The little valley of the Côa River in northern Portugal is home to an amazing collection of Paleolithic rock art. Thousands of figures of horses, bovines, and other animals, along with human and abstract figures were created beginning perhaps 22,000 years ago. The tradition continued throughout the Stone Age and into the Bronze Age.
One particularly imaginative engraving is quite fascinating. It’s not the biggest or the most complicated design, nor the most complete or detailed in the valley. At the Penascosa site, one of three open to the public, a three-headed horse puts on a show for lucky viewers.
Many of the animal carvings tend to overlap one another, this one in particular creates a unique illusion. When the flickering light of a fire illuminates the rock, the horse appears to move its head. Experiments trying to recreate this effect with a flashlight are not always successful.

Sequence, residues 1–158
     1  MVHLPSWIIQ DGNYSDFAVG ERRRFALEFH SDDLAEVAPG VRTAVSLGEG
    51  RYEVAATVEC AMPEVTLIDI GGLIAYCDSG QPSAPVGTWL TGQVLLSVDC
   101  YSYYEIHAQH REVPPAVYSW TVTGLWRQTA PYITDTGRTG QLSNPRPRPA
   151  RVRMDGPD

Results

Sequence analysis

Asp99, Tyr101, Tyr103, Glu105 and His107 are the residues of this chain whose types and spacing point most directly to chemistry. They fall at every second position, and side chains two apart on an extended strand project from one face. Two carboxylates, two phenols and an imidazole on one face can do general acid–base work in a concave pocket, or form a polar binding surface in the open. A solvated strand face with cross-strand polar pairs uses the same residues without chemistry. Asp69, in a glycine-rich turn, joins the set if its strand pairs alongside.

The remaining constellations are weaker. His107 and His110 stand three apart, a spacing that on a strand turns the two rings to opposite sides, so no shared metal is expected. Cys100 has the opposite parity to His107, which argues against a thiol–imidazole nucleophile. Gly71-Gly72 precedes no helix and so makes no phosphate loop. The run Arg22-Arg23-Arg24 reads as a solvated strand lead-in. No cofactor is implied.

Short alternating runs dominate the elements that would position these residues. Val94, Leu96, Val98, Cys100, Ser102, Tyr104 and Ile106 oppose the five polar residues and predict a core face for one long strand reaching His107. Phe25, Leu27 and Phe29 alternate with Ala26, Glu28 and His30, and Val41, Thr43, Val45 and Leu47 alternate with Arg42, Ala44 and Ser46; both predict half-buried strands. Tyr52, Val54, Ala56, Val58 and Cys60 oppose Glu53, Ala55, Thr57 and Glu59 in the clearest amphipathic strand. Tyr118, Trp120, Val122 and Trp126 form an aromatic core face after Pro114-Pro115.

The Prehistoric Rock-Art Sites in the Côa Valley were designated a World Heritage Site by UNESCO in 1998. The Côa Museum is a beautiful modernist building blended into a hilltop that overlooks the confluence of the Côa and Douro Rivers.
Know Before You Go
Visiting the sites requires booking a guided tour through the museum, or perhaps through private licensed guides.